Your integumentary system has many important functions. It:

  • Provides physical protection against bacteria and germs.
  • Absorbs and helps heal abrasions, cuts and other injuries.
  • Cushions and protects your body from infection.
  • Protects you from the sun’s ultraviolet (UV) rays and sunburn.
  • Excretes sebum, sweat and other waste from your body.
  • Regulates your body temperature and allows you to stay cool.
  • Helps you feel heat, cold and detect other sensations.
  • Synthesizes vitamin D.



How does the integumentary system work with other systems?

Your body is like a complex machine. All of your organs, body parts and systems work together to keep everything in check and working as it should. Your integumentary system plays a role in helping other systems maintain their functions.

For example, it helps your immune system because it’s the first line of defense against bacteria and infection. It also sends white blood cells to injuries to begin the healing process.

Your integumentary system helps you absorb vitamin D, which acts as a hormone and is crucial to your bone health because it affects calcium absorption.

The tiny hairs in your nose help your respiratory system because they filter out dust and other particles before you inhale them into your lungs.

Conditions and Disorders

What are common conditions or disorders of the integumentary system?

Your integumentary system is unique because most health conditions associated with it are visible. Unlike your internal organs, health conditions of your skin, hair and nails are typically external — meaning you and your healthcare provider can see them.

Skin disorders

Some of the most common skin disorders are:

Hair disorders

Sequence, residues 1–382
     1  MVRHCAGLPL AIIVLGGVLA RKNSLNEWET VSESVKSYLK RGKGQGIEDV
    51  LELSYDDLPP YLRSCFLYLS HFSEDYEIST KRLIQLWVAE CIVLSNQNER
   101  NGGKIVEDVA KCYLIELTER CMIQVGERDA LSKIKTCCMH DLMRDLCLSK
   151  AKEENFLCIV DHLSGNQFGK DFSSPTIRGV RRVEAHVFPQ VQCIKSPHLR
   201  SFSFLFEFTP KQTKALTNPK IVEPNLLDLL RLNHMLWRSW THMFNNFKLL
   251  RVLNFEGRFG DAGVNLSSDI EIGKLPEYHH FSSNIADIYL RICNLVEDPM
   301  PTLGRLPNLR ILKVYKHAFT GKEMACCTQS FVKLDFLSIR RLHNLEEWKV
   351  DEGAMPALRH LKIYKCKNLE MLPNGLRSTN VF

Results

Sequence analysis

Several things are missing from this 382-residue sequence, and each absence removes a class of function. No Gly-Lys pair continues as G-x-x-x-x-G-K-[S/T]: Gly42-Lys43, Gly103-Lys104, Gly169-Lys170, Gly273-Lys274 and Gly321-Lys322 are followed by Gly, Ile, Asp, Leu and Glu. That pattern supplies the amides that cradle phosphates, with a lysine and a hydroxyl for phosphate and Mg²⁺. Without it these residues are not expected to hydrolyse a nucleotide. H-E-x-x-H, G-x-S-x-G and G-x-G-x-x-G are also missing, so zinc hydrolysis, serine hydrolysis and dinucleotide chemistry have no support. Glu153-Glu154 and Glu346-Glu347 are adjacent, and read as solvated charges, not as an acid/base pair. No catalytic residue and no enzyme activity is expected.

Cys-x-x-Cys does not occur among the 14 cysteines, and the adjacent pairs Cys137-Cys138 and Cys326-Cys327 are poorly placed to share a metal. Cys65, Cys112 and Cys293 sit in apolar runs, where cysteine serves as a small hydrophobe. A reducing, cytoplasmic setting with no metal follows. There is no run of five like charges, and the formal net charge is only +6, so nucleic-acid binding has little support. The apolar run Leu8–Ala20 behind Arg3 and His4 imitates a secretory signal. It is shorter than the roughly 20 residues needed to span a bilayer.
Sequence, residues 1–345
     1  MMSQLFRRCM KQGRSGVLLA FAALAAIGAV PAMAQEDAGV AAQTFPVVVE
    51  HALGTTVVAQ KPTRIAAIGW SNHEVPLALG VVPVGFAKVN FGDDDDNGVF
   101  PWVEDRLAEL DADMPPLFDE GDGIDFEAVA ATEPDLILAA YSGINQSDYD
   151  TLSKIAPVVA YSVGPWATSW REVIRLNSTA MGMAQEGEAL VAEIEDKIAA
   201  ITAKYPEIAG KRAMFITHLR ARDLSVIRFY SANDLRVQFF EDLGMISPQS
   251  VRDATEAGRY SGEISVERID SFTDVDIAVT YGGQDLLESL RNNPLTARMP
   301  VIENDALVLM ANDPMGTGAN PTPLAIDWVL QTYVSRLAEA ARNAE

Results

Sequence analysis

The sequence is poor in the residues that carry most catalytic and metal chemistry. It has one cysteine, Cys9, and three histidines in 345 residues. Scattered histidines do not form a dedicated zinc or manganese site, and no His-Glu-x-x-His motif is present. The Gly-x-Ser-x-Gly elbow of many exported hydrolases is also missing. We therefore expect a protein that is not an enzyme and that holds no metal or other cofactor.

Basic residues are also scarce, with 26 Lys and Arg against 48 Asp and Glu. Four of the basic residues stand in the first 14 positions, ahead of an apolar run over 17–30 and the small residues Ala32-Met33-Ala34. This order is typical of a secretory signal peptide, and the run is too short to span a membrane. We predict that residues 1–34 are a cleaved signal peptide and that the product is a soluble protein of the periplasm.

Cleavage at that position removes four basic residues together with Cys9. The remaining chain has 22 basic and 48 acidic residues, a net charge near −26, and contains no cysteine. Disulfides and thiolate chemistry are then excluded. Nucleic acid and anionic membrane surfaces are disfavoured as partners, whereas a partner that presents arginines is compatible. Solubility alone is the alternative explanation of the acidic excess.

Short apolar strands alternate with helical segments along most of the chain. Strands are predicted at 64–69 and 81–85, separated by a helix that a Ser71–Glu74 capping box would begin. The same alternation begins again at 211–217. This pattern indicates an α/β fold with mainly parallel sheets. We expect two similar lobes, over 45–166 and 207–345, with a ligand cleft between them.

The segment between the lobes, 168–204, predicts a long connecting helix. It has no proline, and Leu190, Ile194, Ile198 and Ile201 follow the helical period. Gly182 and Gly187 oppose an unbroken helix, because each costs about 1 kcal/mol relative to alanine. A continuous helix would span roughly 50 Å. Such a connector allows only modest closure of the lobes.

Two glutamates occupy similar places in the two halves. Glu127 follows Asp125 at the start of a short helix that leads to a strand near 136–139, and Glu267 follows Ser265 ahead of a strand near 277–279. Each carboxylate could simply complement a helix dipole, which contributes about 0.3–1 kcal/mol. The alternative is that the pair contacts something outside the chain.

Hair loss is the most common condition that affects your hair. Some types of hair loss are temporary, while others are permanent. The most common types of hair loss include:

  • Alopecia areata: Patches of hair loss caused by an autoimmune disease.
  • Androgenic alopecia: Baldness in both genders/sexes that’s based on genetics.
  • Anagen effluvium: Loss of hair during its growth phase; this often occurs during medical treatments like chemotherapy.
  • Telogen effluvium: Loss of hair during its rest phase. It typically shows up a few months after your body goes through something stressful or from hormonal changes.
  • Traumatic alopecia: Hair loss due to damage to your scalp from hair styling, through rubbing your scalp repeatedly against a surface or hat or by playing with and breaking your hair.

Other common conditions of hair that aren’t related to hair loss are:

  • Dandruff: It causes white or yellow flakes on your scalp and hair shaft. It’s also known as seborrheic dermatitis.
  • Head lice: Tiny, crawling insects that live in a person’s head hair.
  • Hirsutism: Excessive hair growth in people assigned female at birth.

Nail disorders

Like the other structures of your integumentary system, your nails are always exposed. Nail issues can be caused by your shoes, poor hygiene or from using nail files or trimmers incorrectly. Some of the more common nail conditions are:

  • Onychomycosis: Nail fungus in your fingernails or toenails.
  • Onycholysis: When your nail separates from your nail bed.
  • Psoriasis of the nails: A skin condition that causes pitting, nail discoloration and other symptoms.
  • Lichen planus: A rash that appears as ridges or grooves on your nail.
  • Paronychia: An inflammation or infection of the tissue directly surrounding your nail.

Gland disorders

Some conditions of the sweat and sebaceous glands are:

  • Hyperhidrosis: Excessive sweating.
  • Seborrheic dermatitis: Scaly, red patches that affect your face, chest or back. When it’s on your head, it’s called dandruff.
  • Sebaceous hyperplasia: A skin condition common in people who are older that causes small, yellowish bumps on your skin.

A note from Cleveland Clinic

Your integumentary system is your body’s first line of defense against bacteria, injury and outside elements like sunshine and rain. Your skin, and its structures all play an important role in maintaining balance with other systems in your body. Like other organs, you can have problems with your integumentary system like acne, hair loss or nail fungus. Your healthcare provider can help you keep your skin, hair and nails healthy.

Medically Reviewed

Last reviewed on 04/25/2022.

Learn more about our editorial process.

Appointments 216.444.5725